For international visitors who want the full experience, an extended stay in the Shukubo temples is a must, as is taking advantage of the transportation pass specially available for global travelers that provides ease of access to Koyasan and discounted entry to temples and sites. While anyone is free to wander between attractions at their leisure, there is also a recommended sequential order for visiting the most important sites that will provide an extra layer of context and detail. For going it on your own, know this: Koyasan has three highlights, Kongobu-ji Head Temple, Danjo Garan Sacred Complex, and Okuno-in, which was previously mentioned. 

Kongobu-ji is the Head Temple of Koyasan Shingon Buddhism across Japan, having about 3,600 branch temples throughout the country. It is located almost dead-center in the middle of the mountaintop and cannot be missed. Architectural buffs and those who appreciate the Japanese design aesthetic will love the elegant sliding doors with panel paintings, known as fusumae. The depictions of seasonal flowers and birds are a beautiful and brilliant tribute to the splendor of nature that surrounds Koyasan. The Danjo Garan Sacred Temple Complex marks the center point of Koyasan settlement itself, and stands on the spot where ascetic study first commenced at this site. The Great Tower (Konpo Daito) is quintessential Japanese traditional architecture, and believed to be the first instance of a two-storied, square pagoda in Japan. At 49 meters (160 feet!) tall and colored a beautiful shade of vermillion, it is a sight to behold.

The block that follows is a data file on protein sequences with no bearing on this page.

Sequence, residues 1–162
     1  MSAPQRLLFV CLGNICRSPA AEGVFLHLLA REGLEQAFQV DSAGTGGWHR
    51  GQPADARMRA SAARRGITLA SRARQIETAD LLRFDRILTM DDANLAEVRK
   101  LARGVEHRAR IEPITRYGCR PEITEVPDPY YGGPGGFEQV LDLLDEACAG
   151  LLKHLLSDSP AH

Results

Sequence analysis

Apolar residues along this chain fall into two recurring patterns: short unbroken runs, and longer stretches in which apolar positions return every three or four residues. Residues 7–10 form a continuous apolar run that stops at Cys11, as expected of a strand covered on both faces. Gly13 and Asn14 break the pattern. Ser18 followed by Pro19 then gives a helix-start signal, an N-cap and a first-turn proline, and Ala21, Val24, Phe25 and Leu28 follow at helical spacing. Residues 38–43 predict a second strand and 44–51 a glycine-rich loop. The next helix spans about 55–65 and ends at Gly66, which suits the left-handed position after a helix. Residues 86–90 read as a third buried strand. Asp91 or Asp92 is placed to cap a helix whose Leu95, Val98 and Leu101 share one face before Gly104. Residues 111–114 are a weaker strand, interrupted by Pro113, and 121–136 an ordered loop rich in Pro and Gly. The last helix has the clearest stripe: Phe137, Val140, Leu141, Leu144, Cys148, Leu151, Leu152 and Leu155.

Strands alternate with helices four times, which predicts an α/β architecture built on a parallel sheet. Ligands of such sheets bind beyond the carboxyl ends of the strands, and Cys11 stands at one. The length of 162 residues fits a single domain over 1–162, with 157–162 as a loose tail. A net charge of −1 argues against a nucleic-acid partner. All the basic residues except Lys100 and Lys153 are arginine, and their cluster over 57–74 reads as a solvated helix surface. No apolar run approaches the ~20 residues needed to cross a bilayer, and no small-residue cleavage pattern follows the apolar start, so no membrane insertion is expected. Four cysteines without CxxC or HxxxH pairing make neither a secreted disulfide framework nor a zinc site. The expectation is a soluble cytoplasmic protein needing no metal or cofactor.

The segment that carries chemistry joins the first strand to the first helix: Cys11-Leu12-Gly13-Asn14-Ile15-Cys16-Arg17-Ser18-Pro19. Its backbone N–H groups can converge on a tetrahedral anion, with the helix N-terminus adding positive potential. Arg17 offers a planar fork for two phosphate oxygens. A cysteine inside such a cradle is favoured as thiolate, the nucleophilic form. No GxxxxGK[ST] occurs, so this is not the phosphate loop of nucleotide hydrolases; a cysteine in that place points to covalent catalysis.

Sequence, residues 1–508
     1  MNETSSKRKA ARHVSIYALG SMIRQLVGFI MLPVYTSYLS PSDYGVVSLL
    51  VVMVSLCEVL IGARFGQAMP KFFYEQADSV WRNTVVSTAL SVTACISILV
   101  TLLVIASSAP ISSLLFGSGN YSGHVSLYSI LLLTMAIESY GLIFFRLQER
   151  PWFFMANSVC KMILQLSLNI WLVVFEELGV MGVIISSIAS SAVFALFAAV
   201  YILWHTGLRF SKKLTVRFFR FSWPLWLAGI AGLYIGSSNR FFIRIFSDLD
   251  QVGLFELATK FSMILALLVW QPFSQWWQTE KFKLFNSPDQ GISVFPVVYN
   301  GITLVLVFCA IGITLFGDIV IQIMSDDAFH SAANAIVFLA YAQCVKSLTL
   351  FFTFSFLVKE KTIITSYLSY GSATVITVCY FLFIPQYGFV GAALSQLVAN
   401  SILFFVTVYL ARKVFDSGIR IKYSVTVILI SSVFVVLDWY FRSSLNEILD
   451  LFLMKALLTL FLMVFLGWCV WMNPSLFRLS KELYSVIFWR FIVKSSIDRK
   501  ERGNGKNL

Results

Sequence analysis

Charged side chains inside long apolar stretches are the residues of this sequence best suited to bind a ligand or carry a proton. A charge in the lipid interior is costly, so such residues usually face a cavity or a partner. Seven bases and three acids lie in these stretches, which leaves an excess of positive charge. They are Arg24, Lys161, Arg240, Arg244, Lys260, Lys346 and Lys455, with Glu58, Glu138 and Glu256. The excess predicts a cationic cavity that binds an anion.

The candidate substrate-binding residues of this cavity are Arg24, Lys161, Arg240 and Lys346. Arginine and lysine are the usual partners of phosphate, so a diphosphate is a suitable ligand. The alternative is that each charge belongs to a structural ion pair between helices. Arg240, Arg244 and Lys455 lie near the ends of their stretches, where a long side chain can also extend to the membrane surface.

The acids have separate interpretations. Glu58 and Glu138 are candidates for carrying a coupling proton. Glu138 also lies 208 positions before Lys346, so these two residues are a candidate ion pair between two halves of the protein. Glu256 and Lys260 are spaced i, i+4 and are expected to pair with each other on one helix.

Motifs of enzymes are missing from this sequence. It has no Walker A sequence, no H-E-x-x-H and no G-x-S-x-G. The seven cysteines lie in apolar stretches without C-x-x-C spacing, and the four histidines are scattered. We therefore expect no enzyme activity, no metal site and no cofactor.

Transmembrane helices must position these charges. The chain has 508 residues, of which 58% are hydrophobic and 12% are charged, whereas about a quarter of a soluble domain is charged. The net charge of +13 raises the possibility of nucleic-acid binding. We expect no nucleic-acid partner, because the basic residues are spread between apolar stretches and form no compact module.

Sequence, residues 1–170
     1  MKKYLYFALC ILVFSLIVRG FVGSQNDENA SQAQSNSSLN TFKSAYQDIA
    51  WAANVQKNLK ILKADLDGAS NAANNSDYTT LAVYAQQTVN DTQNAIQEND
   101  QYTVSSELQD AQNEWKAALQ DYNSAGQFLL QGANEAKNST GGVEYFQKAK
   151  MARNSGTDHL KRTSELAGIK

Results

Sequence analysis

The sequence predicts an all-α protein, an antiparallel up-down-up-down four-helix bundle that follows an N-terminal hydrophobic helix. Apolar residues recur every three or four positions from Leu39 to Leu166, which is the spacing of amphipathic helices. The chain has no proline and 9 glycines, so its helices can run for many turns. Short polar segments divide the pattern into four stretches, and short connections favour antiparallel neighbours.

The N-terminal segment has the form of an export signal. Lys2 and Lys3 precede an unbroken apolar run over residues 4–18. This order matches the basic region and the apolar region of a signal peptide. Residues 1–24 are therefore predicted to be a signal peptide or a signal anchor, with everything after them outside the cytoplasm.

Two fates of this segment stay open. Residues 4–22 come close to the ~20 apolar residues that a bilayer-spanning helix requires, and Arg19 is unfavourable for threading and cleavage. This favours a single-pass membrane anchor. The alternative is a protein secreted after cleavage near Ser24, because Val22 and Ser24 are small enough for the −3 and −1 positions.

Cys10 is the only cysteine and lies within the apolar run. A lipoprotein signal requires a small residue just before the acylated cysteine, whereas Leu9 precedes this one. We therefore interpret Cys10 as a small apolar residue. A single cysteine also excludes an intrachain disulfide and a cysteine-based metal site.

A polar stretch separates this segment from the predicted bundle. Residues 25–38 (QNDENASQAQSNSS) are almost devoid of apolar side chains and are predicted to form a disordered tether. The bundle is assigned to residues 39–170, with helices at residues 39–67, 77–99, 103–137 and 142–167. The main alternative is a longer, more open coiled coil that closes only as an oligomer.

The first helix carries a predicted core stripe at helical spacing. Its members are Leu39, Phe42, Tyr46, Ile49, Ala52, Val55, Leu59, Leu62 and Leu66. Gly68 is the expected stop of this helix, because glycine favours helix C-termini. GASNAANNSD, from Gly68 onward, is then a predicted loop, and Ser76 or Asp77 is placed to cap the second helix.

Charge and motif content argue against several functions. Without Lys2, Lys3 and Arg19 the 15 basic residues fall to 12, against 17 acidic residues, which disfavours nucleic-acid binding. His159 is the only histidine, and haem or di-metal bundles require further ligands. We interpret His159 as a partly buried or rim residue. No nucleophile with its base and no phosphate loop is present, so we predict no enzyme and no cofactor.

Just as it has accepted worshippers and pilgrims from all walks of life for more than a thousand years, Koyasan awaits all travelers with open arms who wish to come here and learn, rest, or just admire the beauty and splendor of history and nature, intertwined. 

Words by Joseph Ozment.